Following a mastectomy, a woman can wear a breast prosthesis on that side without having any further reconstructive surgery. This is a false breast that is made of silicone and is worn under the bra. It can match the shape and size of the breast on the other side. Some women prefer to use a prosthesis rather than going for a reconstruction.
Chemotherapy is use of anti cancer drugs given in the form of injections, drips and tablets. These drugs help kill cancer cells by causing maximum damage to them and at the same time causing some damage to normal tissues. The side effects that happen as a result of chemotherapy are due to the effect of the drugs on normal tissues. A number of chemotherapy drugs used to treat cancer. These drugs can be used either in combination or as single agents. Chemotherapy is given as cycles, with each cycle lasting between 1 to 4 weeks, usually 3 weeks. The gap between two chemotherapy cycles is for the body to recover before the next dose. A course of chemotherapy usually lasts for some months.
Chemotherapy for breast cancer
Chemotherapy plays an important role in the treatment of patients with breast cancer. It can be given at different stages in the breast Cancer treatment pathway. Chemotherapy is given alongside biological therapy in some settings in breast cancer. See section on biological therapy for more information.
Adjuvant chemotherapy is when chemotherapy drugs are given following surgery, after the cancer has been completely removed. The purpose of adjuvant chemotherapy is to reduce the risk of cancer coming back.
Not all patients who have their breast cancer removed need chemotherapy. The need is based on the type and stage of the cancer at diagnosis, and by that, the risk of recurrence is assessed. A medical oncologist will be able to discuss the risks of recurrence of cancer and explain the pros and cons of having adjuvant chemotherapy.
Adjuvant chemotherapy for breast cancer can be given with different combinations of chemotherapy drugs. The selection of the ideal combination is based on the stage of cancer at diagnosis and the general condition of the patient. Here are a few combinations that are commonly used.
- FAC-Fluorouracil, Doxorubicin, Cyclofosfamide
- FEC-Fluorouracil, Epirubicin, Cyclofosfamide
- AC-Doxorubicin and Cyclofosfamide
- TC-Docetaxel and Cyclofosfamide
- FAC-T-Fluorouracil, Doxorubicin, Cyclofosfamide and Docetaxel or Paclitaxel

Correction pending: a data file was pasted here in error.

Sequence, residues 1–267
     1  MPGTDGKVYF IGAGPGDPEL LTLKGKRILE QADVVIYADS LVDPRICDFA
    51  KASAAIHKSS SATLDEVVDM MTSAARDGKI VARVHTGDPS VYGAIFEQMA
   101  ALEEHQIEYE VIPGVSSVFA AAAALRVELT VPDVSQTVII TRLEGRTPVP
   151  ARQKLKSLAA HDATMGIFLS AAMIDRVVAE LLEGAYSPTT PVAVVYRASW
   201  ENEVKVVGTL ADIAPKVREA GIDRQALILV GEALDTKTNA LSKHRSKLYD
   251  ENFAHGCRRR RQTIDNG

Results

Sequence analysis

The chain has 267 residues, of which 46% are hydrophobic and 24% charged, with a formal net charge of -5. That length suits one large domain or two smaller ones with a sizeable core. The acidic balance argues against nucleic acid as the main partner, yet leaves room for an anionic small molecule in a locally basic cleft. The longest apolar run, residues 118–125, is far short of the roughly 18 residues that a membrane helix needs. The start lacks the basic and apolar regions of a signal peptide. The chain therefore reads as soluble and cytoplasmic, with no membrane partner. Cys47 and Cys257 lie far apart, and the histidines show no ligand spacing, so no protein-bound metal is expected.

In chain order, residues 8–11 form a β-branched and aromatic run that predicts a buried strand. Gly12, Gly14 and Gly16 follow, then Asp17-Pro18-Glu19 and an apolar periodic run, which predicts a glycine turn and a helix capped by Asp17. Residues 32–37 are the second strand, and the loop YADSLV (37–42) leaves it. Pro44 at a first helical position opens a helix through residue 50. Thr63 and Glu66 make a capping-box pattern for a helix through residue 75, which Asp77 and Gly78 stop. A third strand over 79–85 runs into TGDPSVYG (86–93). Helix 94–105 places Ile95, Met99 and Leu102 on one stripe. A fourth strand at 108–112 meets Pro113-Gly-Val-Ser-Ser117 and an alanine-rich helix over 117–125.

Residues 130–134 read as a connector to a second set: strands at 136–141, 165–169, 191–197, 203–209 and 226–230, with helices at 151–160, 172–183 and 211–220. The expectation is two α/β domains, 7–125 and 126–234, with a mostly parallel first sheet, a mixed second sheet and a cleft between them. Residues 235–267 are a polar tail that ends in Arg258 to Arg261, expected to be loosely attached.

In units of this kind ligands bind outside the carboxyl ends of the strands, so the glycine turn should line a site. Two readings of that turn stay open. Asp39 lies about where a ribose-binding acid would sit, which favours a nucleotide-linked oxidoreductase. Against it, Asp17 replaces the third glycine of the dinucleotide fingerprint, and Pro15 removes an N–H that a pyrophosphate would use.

- FEC-T-Fluorouracil, Epirubicin, Cyclofosfamide, and Docetaxel or Paclitaxel
- FEC-TC-Fluorouracil, Epirubicin, Cyclofosfamide, Taxane and Carboplatin
In some breast cancers, chemotherapy is given prior to surgery to reduce the size of the primary tumour. This is called as neoadjuvant chemotherapy. This is commonly done in patients where the tumour is large and breast conserving surgery is not possible. By having neoadjuvant chemotherapy, the tumour size can be reduced and the patient may then be suitable for a wide local excision. It is also considered in patients who are hormone receptor negative or HER2 positive.
The chemotherapy regimens that are used in the adjuvant setting are also used in this setting.
Is chemotherapy given to all patients with Breast Cancer?
The need to have chemotherapy before or after breast cancer surgery, is not present in all patients but is considered and given to those where there is a sufficient benefit from receiving it. There are various tools and methods that are used to say whether one would benefit from having such treatment.
Factors that are important in determining the benefit of chemotherapy include age-younger age has more benefit, size of tumour- the larger the size the more benefit, involvement of lymph nodes with cancer, ER positive or negative-ER negative patients have more benefit, HER2 positive-patients have more benefit from chemotherapy etc.
There are tools and tests available in the market which can estimate the percentage benefit of having chemotherapy in each patient and these are briefly listed below.
Predict version 2.0- This is an online tool developed in the UK and used all over the world to predict the benefit of adjuvant chemotherapy in breast cancer.
- EndoPredict (Myriad Genetics)
- Oncotype DX (Genomic Health)
- MammaPrint (Agendia)
- Prosigna (NanoString Technologies)
These above tests can help to make a decision about the benefits of taking chemotherapy by predicting a risk of recurrence of cancer and the additional benefit the chemotherapy gives in reducing that risk. These tests are expensive but can be useful in certain circumstances to help in the decision making process.
Side effects of chemotherapy